What was your biggest challenge? What did you learn from it?

We had a few challenges. First, there was some concern about launching a high-profile marketing campaign during a time of economic downturn. We made the case that libraries are needed most during economic downturns, so what better time to showcase all the great things available to our customers? We also were clear that while the project seemed “flashy,” it was smart use of public funds. This project was developed and implemented using the existing marketing budget. Instead of executing a large number of small-impact projects, we focused on a single, high-impact project with the goal of more significant results. It was the right decision.

The second challenge was to give projects the time they need. This project was conceived, developed, and executed in 7 months. It may have been the most challenging 7 months of my life. Part of the urgency was to capitalize on available budget between 2 years, and part of it was to share the results of our work as quickly as possible. In hindsight, there were a few components that may have had better results if we had delayed the launch. For example, our MP3 experiment was well-attended, but June in Edmonton would have been much warmer and more appealing for an outdoor event than April, when we still had to wear our winter coats.

What technology has helped you reach new audiences?

It seems cliché, but social media has been a great tool for us, allowing us to communicate with a technology-savvy, vocal audience. Large numbers of participants heard about specific events via social media. The people who actively participate in social media continue to be a smaller, niche group, however, we’ve had great success using it to tap into a solid base of supporters and advocates.

Our enewsletter has allowed us to communicate with customers and staff directly and frequently. According to our email service provider, we could consider the initiative a success if 5–8% of our subscribers signed up for our newsletter. Within the first several months of our launch, we had over 21,000 people subscribe. Today, we have almost 90,000 subscribers—approximately 40% of our email base—with a read rate of 35–40% on a monthly basis. Stories in our newsletters have resulted in increases in borrowing of showcased materials, donations, attendance to programs and events, and most recently, the best single-day results for our new ebook service, “Freading.” Our customers clearly want to hear from us.

Discuss some of your productive partnerships.

While not a partnership in the traditional sense, our marketing team is tightly integrated with our public services department. Our marketing priorities are developed in conjunction with public services priorities. This wasn’t always the case, and I know is not common in other libraries. While marketing still has corporate responsibilities that are outside the day-to-day priorities of most public services staff, we are an integral part of teams championing the key public services initiatives.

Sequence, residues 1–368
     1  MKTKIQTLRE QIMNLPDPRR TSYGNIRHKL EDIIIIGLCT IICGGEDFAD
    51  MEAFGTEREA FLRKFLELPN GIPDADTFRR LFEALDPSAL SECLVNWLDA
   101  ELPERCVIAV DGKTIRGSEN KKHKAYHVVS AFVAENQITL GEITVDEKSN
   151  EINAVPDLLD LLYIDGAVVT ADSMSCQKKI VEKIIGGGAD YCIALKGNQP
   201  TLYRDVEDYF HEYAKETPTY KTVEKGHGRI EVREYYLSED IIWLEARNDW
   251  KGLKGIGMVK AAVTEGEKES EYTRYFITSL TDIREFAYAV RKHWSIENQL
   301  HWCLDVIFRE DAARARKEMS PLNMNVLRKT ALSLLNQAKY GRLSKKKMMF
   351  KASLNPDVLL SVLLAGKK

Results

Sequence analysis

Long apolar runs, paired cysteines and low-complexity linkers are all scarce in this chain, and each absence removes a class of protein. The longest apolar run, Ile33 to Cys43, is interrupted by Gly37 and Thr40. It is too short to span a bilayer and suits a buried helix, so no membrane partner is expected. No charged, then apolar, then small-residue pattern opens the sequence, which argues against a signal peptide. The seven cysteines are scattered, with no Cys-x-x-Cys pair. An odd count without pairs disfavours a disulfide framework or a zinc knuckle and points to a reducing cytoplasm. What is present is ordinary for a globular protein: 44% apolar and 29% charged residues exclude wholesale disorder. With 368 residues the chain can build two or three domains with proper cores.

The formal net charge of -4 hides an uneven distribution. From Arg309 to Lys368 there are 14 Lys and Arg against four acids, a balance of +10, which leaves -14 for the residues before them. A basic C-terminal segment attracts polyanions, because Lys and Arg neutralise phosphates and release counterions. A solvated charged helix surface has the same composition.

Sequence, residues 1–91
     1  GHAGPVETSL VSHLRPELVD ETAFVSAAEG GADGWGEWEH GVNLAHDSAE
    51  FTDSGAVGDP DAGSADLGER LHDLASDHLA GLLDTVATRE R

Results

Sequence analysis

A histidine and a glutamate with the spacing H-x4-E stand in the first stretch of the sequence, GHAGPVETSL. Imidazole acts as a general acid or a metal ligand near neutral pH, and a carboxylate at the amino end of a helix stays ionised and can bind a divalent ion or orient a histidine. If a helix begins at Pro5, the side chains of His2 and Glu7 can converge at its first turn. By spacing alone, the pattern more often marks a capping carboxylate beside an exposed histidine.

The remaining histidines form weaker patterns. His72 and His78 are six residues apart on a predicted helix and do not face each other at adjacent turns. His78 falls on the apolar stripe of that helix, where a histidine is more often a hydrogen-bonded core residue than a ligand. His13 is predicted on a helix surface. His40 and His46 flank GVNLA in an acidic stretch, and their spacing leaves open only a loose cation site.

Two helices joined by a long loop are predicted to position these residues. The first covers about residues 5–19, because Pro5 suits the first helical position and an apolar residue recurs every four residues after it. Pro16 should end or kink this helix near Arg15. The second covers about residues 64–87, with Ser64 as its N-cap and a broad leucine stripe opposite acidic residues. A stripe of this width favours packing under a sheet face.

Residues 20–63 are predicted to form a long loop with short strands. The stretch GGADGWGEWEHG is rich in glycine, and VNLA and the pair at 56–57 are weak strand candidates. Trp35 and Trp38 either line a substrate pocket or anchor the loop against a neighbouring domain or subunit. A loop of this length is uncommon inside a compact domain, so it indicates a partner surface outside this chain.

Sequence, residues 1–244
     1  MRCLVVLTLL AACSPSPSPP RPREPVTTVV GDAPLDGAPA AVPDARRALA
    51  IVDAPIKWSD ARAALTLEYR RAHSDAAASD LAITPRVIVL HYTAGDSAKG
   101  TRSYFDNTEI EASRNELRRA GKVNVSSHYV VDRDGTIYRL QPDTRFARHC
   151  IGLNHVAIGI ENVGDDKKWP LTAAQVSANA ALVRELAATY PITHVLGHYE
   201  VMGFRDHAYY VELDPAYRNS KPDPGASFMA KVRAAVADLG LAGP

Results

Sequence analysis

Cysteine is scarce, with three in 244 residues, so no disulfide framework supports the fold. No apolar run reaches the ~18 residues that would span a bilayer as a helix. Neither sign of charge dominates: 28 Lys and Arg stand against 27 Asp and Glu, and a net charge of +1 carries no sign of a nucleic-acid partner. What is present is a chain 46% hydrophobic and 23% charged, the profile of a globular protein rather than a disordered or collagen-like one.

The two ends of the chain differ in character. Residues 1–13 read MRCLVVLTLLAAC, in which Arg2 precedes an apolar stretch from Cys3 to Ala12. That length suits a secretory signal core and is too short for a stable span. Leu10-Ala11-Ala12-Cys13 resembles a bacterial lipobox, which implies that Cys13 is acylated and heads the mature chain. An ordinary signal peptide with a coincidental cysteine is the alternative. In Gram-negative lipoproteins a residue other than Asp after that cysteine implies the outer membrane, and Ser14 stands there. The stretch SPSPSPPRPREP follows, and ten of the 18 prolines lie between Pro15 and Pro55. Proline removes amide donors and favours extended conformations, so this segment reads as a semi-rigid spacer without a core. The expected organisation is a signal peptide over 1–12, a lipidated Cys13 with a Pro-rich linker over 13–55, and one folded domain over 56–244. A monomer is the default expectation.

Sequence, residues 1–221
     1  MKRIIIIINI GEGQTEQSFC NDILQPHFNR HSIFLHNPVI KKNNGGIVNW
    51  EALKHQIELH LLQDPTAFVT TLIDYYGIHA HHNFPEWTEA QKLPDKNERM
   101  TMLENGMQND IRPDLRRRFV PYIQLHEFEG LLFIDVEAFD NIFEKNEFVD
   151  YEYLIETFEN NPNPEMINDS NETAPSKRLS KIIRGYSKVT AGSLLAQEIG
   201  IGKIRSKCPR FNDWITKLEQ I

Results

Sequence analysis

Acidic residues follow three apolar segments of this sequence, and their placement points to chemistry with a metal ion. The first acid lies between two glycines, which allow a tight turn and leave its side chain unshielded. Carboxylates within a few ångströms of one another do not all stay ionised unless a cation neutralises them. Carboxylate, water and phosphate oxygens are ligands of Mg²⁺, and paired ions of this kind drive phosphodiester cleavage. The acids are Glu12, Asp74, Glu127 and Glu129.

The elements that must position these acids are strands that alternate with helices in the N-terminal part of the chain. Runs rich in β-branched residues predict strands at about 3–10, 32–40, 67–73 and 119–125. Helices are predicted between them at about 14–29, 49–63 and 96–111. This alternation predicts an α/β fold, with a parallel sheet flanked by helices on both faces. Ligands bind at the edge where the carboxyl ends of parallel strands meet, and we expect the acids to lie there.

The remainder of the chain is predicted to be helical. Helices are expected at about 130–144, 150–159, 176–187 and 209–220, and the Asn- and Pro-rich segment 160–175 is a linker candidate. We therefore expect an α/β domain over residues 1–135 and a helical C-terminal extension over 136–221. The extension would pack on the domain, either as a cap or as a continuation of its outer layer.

Marketing at its best is done when it is part of the building process. Encouraging marketing and public services staff to work together from the beginning—figuring out who we are targeting, what our compelling value and service are, and then developing the marketing campaign and tactics to meet those objectives—will always lead to better results than adding the marketing components of a new service or initiative at the end.

What guidance would you give a fledgling marketer?

I have a few thoughts to share.

Focus. It is better to do a few things really, really well than many things in a mediocre way (or worse, poorly). We are better off pooling [our limited] resources, both financial and personnel, and focusing on a few great projects that will have an impact on our target customers rather than doing a lot of small campaigns or projects that will have marginal impact.

Marketing is important. We all understand the power of marketing in our everyday lives. Marketing influences what we wear, where we shop, what we eat, what we watch, who we vote for, and so much more. Most of the time, a great product isn’t good enough. We shouldn’t think that the library is any different. Marketing can help us tell our story and share our value in a compelling and desirable way.

Word of mouth is the best form of marketing for the library. Word of mouth is marketing done on the personal level by a trusted source. Who do you believe, a billboard telling you that something is great, or your friend? While we may not have big budgets from a traditional sense, we have hundreds of staffers with hundreds of connections between them. We also have thousands of customers and other supporters with thousands of connections. Better still, we aren’t selling a product; we’re sharing a great service. How do we tap into our advocates and get them to “spread the words” for us? This is an area EPL is starting to explore.

Judith Gibbons is a library consultant and freelance writer based in Versailles, Ky. She is retired from the Kentucky Department for Libraries and Archives, where she coordinated the public library program. She holds an M.L.S. from the University of Kentucky and a master’s in public administration from Kentucky State University. She has won a John Cotton Dana Library Public Relations Award and is now a member of the JCD committee and of the ALA Council. Her email address is